Saturday, October 25, 2014

Defense & Baserunning

Matt Williams came in as a rookie manager with a decided focus on two items: defense and base running. How did he do?

The Nats came into the 2014 season having put the defensive shift on a mere 42 times in 2013, good for dead last in MLB. I don't have the complete data set for shifts in 2014 (Inside Edge had the Nats at 258 at the start of September, saved from last place only by the Rockies), and while the Nats shifted a lot more this year, they are still in the bottom third of the league. The Nationals were middle of the pack for BABIP allowed (Batting Average on Balls In Play) at .294, and there is certainly a lot of noise in BABIP numbers, but that number seems like it could go lower with the athletes on the infield for the Nationals. The Nats don’t have a particularly groundball prone pitching staff, however. The league average ground ball percent (GB%) was 44.8%. Here is how the starting 5 rate out:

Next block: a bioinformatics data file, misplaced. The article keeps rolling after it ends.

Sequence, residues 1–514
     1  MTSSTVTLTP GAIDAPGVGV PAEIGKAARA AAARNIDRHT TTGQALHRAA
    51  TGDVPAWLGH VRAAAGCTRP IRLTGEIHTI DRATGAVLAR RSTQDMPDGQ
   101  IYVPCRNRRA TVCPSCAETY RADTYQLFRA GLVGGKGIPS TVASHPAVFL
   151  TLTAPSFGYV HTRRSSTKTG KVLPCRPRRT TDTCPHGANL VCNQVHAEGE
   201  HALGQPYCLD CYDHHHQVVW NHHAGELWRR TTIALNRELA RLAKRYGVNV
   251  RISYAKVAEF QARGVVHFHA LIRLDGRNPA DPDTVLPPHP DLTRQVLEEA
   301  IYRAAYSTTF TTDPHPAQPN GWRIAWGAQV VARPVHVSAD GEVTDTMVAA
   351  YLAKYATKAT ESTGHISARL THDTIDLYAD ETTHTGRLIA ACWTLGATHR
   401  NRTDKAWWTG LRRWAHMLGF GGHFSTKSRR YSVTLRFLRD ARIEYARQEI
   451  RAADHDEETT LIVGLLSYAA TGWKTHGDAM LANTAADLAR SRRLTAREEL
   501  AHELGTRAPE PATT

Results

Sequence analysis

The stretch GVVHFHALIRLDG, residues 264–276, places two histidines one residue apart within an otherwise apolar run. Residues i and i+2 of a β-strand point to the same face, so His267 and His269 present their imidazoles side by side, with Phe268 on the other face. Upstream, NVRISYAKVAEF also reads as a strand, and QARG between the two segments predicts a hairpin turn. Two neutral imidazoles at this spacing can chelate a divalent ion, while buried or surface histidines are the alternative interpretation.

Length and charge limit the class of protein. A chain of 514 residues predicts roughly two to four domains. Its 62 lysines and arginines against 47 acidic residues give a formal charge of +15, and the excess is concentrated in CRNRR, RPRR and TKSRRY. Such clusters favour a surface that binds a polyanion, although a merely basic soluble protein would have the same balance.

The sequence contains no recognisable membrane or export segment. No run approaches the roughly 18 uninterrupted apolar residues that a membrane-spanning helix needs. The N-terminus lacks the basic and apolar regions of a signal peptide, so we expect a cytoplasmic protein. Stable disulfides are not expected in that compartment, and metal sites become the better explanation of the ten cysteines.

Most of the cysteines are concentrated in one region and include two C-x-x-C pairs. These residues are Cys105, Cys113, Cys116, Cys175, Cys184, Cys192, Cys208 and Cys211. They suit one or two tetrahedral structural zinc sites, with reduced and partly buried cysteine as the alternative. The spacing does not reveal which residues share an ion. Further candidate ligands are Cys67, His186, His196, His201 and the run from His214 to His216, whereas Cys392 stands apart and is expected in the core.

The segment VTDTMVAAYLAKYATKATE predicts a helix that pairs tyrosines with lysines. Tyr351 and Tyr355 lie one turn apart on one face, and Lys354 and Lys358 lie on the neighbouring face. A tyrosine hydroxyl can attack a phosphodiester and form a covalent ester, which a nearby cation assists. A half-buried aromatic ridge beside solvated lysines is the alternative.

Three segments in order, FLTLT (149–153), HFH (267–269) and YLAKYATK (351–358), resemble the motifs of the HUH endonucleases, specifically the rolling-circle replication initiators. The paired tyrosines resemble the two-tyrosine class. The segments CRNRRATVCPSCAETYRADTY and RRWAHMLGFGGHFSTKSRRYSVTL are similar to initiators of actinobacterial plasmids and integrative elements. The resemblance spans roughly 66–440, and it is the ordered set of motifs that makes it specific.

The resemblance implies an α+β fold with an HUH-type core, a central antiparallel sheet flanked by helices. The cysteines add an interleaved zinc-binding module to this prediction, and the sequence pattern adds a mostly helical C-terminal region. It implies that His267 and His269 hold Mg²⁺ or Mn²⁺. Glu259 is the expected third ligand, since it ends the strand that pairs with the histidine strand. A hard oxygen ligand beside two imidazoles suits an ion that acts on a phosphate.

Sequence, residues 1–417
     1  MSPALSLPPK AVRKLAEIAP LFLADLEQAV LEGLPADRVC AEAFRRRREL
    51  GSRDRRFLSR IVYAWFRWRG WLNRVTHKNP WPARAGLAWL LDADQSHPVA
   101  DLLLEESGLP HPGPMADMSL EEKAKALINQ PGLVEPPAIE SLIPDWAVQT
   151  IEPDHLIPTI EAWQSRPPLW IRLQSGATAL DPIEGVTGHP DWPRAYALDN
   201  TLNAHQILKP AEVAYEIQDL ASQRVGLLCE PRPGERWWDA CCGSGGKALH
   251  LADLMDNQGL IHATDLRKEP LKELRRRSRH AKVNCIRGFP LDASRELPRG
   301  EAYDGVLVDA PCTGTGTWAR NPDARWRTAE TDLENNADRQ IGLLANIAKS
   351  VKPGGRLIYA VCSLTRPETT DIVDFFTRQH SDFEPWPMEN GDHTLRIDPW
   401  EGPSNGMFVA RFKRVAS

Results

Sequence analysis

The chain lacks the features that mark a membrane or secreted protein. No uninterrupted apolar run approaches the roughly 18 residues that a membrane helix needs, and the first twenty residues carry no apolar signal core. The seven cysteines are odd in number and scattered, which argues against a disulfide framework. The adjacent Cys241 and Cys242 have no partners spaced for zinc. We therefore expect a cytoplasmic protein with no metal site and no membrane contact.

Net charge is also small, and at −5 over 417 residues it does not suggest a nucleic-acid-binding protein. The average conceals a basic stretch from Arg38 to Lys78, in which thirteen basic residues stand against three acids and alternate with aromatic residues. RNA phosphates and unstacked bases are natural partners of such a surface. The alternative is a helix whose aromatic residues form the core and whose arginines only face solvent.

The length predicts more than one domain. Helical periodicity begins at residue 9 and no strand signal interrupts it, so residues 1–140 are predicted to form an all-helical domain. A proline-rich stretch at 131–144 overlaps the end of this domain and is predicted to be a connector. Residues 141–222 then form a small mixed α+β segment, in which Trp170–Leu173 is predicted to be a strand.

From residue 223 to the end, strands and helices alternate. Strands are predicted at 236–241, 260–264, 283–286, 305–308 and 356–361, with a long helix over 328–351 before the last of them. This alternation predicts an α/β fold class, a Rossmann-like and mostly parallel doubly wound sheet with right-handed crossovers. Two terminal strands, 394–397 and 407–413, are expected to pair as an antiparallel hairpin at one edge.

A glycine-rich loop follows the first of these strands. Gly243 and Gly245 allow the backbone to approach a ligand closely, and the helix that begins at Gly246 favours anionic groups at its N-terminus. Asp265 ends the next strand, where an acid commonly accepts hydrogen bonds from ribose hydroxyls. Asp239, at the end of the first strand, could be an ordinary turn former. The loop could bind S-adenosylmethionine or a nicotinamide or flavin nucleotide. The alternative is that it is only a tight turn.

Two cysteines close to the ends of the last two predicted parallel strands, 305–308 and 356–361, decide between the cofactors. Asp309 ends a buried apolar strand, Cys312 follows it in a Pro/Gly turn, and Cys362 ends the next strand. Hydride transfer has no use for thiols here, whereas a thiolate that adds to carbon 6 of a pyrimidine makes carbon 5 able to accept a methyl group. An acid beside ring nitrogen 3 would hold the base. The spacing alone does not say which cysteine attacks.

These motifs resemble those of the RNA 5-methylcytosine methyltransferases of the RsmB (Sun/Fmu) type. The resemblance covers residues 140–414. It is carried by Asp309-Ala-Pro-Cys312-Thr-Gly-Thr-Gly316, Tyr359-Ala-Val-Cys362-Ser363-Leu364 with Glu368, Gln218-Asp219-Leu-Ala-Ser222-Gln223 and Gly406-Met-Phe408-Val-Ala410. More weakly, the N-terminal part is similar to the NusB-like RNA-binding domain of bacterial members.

Jordan Zimmermann
Stephen Strasburg
Gio Gonzalez
Tanner Roark
Doug Fister

No surprise to see Doug Fister far and away the leader in GB%, but even he is only 4 percentage points above average. Compare that to Felix Herndandez, the proud owner of a 56.2% GB%. Overall, the Nat’s infield defense was roughly average, but shifting could add a few extra outs per game.